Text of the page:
What is writing to convince or persuade?

The Writer’s Role: Advocate

What kinds of documents are used to convince or persuade?

Argumentative essays: Anu Partenen, What Americans Keep Ignoring about Finland’s School Success

Advertisements: Men Can Stop Rape, Where Do You Stand?

Point/Counterpoint Editorials: Alexandra Le Tellier, Judge Stops NYC Soda Ban, But Don’t Celebrate ; Karin Klein, Soda’s a Problem, But Bloomberg Doesn’t Have the Solution

e-Pages

Speeches: Michelle Obama, Who Are You Going to Be? [e-Page]

Opinion column: Cyrus Habib, Show Us the Money

Open Letters: SPARK Movement, Our Letter to LEGO [e-Page]

How can I write an argumentative essay?

Student Essay: A Different Vision for Online Gaming, by Vince Reid

Project Ideas

 

Part 3: Working with Sources

Chapter 11: Beginning Your Search

How should I focus my search for sources?

How can I develop a search plan?

How can I keep track of my sources?

How can I create a bibliography?

Chapter 12: Locating Sources

How can I locate sources using electronic resources?

How can I locate sources using print resources?

How can I gather information using field research?

Chapter 13: Avoiding Plagiarism

What is plagiarism?

What are research ethics?

How can I avoid plagiarism?

What should I do if I’m accused of plagiarism?

 

Part 4: Crafting and Polishing Your Contribution

Chapter 14: Developing a Thesis Statement

How can I choose a main point?

How can I draft my thesis statement?

How can I support my thesis statement?

Chapter 15: Organizing

How can I choose an organizing pattern?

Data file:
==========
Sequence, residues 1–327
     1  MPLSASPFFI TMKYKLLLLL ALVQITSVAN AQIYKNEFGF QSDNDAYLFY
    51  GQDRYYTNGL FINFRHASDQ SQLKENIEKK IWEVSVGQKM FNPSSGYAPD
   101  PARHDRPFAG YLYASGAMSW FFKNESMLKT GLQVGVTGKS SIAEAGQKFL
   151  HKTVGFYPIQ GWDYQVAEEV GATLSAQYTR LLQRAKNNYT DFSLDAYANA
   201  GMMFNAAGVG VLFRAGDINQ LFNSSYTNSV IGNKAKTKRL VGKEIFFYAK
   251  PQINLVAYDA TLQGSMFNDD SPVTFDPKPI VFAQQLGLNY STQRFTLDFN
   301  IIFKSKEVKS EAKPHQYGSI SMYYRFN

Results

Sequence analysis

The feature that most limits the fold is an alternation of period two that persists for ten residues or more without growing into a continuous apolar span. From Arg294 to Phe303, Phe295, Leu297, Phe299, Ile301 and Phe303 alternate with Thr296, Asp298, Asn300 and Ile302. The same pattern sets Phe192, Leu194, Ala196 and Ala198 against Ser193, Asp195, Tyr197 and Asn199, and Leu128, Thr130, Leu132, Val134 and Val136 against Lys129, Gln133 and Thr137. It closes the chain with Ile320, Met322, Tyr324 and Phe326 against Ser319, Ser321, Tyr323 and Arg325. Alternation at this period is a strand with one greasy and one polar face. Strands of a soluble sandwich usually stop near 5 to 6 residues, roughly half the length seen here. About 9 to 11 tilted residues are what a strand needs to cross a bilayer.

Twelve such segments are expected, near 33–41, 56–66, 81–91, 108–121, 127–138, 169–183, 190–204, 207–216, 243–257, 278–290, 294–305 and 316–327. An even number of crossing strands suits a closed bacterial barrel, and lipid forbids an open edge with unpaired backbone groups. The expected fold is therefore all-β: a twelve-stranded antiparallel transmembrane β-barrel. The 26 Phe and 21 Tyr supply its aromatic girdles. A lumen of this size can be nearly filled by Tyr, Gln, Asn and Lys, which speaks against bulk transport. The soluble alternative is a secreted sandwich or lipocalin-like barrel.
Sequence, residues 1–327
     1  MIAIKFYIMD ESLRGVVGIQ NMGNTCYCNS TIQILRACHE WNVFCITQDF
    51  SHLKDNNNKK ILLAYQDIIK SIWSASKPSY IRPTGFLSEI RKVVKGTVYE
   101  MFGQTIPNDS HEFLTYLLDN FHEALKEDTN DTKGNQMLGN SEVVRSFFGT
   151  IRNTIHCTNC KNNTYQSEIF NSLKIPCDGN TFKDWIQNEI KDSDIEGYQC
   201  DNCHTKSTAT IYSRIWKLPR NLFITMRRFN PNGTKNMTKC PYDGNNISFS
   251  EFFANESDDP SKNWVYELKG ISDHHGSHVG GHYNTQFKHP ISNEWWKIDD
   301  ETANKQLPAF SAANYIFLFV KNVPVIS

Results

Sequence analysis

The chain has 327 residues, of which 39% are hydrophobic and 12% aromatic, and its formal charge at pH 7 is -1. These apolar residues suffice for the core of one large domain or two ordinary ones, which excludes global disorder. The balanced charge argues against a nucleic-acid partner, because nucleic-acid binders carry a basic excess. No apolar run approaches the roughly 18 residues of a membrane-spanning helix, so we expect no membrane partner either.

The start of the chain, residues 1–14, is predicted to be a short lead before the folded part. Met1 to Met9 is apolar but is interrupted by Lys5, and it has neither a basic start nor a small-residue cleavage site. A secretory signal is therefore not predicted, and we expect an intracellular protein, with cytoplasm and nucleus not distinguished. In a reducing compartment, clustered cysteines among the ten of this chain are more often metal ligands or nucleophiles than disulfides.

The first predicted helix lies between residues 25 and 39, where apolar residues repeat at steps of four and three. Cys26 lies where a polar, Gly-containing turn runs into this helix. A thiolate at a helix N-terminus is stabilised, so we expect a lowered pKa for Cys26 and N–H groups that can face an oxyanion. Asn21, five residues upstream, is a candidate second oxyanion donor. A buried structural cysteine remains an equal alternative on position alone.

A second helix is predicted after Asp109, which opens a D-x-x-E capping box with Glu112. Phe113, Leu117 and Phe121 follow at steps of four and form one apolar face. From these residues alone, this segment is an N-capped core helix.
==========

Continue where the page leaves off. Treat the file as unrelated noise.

How can I arrange my argument?

How can I create an outline?

Chapter 16: Drafting and Designing

How can I use my outline to begin drafting?

How can I draft an effective document?

How can I draft my introduction?

How can I draft my conclusion?

How can I help my readers follow my argument?

How can I design my document?

What should I consider as I design an academic essay?

Chapter 17: Working with Genres

How can I choose the right genre?

How can I write an article?

How can I create a multimodal essay?

How can I create a Web page?

Chapter 18: Presenting Your Work

How can I make an oral presentation?

How can I create a multimedia presentation?

How can I work on group presentations?

How can I develop a portfolio?

e-Pages

Gallery of presentations

Chapter 19: Using Sources Effectively

How can I use sources to accomplish my purposes as a writer?

How can I integrate sources into my draft?

How can I ensure I’ve avoided plagiarism?

How should I document my sources?

Chapter 20: Revising and Editing

What should I focus on when I revise?

What strategies can I use to revise?

What should I focus on when I edit?

What strategies can I use to edit?

 

Part 5. Documenting Your Sources

Chapter 21: The MLA Documentation System

How do I cite sources within the text of my document?

How do I prepare the list of works cited?

Chapter 22: The APA Documentation System

How do I cite sources within the text of my document?

How do I prepare the reference list?

 

Part 6: Handbook

Chapter 23: Style: Write Confidently

Write clear, logical sentences

Choose language that will earn you respect

Choose concise, lively phrasing

Chapter 24: Grammar: Write Skillfully

Make verbs work for you

Write in complete sentences, not fragments

Avoid run-ons and comma splices

Use pronouns to help, not confuse, readers

Use adjectives and adverbs wisely

Chapter 25: Punctuation and Mechanics: Give Your Readers Direction

Use commas to keep your sentences readable

Use periods, question marks, and exclamation points correctly

Use quotation marks when you borrow words

Use apostrophes in contractions and possessives of nouns

Use colons to point at what comes next

Use semicolons between equivalent elements

Use other punctuation in specific situations

Use sentence mechanics to convey information